Not really, no.
I mean, that is a god awful take on the history. That Montgomery was a pompous jackass is neither here nor there, he and all his counterparts were vain egotists (well, the successful ones were). In a time of ruthless all out war, it's really only the personality type that could make it at the top. He was never indecisive though. Montgomery's plan in Normandy once his forces were ashore (and as the critical architect of history's largest amphibious landing, it's hard to point to incompetence) was for the US forces in the west to expand and get first Cherbourg and the Britany ports, while the British army took control of Caen and the lateral road network and engage the bulk of the German army to prevent it interfering with the US army in the west. That was the correct division of labour, logistically and militarily.
The British army was by this stage of the war entirely crippled by manpower shortage, and replacements would no longer keep pace with losses after about July. It therefore made sense for the British to engage the Germans on terms that allowed them to dominate without having to take geographical objectives that would've meant continuing offensives even as the casualties mounted up. Montgomery's plan, to pull the Germans onto the British in the East and allowing the US to expand in the west was the key point in all the pre-Overlord briefings. He had intended to do it around Falaise after taking Caen, but the German resistance around Caen prevented such an expansion. Montgomery probably could've forced his way into Caen earlier than he did, and it might have been better for his own reputation if he had, but his over riding priority was to avoid breaking the British army. The plan worked as well, by the time Bradley was ready to push south of Carentan, two thirds of the German armour was in the East south of Caen, and only a brittle crust south of his own troops that quickly collapsed. It should be noted that this was Bradley's second attempt to break out of the bocage country, and his failure at the first attempt forced Montgomery to ask Dempsey to undertake another offensive around Caen to keep the Germans locked in the East: The ever controversial Goodwood offensive, a poor plan that nevertheless allowed the British to avoid infantry casualties.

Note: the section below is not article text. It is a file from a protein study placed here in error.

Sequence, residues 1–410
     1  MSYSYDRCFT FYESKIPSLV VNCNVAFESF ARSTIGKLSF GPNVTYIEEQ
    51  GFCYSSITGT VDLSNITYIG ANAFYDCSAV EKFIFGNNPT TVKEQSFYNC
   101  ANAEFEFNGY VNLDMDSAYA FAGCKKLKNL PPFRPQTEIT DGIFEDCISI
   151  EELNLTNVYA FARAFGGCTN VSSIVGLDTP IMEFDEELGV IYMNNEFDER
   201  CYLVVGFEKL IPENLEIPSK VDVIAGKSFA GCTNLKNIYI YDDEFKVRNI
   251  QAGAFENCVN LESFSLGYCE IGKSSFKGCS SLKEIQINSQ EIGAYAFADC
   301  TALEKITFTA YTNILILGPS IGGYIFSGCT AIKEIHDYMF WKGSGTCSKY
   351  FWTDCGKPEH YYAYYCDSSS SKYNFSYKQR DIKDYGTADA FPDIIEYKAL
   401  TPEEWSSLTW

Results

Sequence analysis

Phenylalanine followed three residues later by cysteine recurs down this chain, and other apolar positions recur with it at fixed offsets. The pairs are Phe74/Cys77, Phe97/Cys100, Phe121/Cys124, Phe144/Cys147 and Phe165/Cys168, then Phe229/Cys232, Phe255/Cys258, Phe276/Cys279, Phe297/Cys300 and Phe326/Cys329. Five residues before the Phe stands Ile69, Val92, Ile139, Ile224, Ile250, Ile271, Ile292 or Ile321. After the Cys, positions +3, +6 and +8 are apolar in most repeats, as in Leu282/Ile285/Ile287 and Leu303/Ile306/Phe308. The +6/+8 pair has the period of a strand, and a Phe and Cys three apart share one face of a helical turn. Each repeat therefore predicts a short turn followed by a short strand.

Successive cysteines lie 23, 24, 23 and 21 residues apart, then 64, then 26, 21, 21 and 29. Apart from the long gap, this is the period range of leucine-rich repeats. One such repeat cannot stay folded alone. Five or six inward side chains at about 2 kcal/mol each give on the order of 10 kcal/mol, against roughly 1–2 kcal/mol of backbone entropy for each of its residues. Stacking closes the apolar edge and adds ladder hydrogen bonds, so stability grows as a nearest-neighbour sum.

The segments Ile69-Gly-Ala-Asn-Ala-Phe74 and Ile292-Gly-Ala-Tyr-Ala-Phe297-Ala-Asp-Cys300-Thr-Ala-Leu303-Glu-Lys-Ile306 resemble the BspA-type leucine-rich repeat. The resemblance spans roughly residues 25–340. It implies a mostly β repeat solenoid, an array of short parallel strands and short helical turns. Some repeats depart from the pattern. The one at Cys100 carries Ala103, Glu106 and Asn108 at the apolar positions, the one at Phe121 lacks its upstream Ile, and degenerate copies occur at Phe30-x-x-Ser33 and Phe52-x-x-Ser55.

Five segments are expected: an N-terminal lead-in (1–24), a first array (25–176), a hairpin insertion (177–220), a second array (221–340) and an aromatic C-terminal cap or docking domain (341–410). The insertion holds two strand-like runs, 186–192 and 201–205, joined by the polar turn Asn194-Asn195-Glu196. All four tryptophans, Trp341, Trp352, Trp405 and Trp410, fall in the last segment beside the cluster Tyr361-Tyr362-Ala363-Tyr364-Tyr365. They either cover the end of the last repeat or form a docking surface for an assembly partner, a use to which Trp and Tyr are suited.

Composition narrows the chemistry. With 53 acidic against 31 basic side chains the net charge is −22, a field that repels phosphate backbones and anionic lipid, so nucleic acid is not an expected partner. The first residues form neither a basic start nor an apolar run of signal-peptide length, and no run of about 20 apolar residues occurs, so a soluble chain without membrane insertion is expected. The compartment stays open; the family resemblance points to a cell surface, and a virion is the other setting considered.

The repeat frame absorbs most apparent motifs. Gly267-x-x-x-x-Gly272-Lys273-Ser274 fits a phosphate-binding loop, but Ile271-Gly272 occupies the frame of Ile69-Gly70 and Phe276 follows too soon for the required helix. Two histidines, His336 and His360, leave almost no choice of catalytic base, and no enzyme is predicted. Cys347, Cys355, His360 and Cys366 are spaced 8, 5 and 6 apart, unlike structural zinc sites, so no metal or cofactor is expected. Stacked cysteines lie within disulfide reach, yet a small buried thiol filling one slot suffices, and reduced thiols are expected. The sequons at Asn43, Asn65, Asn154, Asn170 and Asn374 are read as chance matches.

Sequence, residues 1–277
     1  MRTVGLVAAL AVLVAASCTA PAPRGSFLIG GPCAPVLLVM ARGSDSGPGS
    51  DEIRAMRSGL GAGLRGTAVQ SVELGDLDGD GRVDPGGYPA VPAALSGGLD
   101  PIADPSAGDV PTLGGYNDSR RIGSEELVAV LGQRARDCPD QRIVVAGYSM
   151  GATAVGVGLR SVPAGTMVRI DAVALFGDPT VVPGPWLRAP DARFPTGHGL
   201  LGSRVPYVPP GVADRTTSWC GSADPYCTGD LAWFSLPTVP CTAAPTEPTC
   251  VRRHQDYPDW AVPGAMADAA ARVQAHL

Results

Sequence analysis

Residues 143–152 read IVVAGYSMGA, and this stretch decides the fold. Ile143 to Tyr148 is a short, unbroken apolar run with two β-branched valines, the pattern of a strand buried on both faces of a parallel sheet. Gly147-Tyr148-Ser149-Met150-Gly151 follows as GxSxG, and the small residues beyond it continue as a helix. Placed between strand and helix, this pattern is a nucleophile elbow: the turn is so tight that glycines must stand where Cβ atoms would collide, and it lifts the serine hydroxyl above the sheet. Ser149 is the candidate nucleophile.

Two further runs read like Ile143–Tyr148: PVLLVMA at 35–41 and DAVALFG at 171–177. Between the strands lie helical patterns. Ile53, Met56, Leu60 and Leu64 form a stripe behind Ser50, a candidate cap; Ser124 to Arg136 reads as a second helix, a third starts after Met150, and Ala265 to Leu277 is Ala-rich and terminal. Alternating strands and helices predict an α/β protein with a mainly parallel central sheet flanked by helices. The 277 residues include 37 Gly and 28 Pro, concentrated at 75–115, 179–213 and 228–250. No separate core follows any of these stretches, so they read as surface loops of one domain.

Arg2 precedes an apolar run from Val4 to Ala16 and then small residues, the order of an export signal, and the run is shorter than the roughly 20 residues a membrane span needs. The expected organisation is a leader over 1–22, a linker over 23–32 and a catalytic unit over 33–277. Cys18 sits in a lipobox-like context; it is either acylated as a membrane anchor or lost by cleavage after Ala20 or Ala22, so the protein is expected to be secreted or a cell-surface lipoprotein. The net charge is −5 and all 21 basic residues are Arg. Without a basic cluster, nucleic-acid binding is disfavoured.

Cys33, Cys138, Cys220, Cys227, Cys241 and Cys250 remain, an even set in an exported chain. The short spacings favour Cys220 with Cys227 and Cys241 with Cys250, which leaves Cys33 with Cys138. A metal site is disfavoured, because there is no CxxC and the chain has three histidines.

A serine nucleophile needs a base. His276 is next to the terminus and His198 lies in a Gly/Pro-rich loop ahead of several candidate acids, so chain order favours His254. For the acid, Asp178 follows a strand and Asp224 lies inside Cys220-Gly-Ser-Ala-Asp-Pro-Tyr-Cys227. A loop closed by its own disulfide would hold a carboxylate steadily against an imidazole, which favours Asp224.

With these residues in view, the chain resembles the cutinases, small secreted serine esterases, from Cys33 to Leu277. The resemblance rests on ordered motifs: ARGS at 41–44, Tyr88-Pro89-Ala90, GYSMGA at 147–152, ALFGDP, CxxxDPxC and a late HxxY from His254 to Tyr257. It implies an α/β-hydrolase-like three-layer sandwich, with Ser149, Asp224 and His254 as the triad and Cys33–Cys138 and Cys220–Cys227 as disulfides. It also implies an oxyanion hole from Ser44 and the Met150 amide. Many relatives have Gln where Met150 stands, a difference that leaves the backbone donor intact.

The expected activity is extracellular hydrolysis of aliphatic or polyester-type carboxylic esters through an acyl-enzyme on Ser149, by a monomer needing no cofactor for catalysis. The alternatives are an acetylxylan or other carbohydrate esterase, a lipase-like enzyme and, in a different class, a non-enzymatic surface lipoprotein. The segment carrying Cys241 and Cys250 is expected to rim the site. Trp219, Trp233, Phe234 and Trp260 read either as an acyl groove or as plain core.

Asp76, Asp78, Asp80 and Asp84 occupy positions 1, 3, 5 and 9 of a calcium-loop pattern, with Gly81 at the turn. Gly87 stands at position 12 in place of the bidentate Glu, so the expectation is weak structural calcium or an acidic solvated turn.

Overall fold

Bradley wasn't Montgomery's counterpart, he was, at least for the Normandy battle, his subordinate. Even after he became venomously bitter to Montgomery after the latter humiliated him over the Ardennes he maintained that Montgomery's plan in Normandy had worked. The whole US army saved everyone's bacon when the British failed at Caen narrative was largely an invention from several very pissed off authors, including Bradely's former intelligence officer, that bore no resemblance to the primary sources. Even Eisenhower - Montgomery's superior and Supreme Allied Commander, long after Montgomery had pushed their relationship long past breaking point admitted that "It was his kind of battle, whatever else they say about him, he got us there".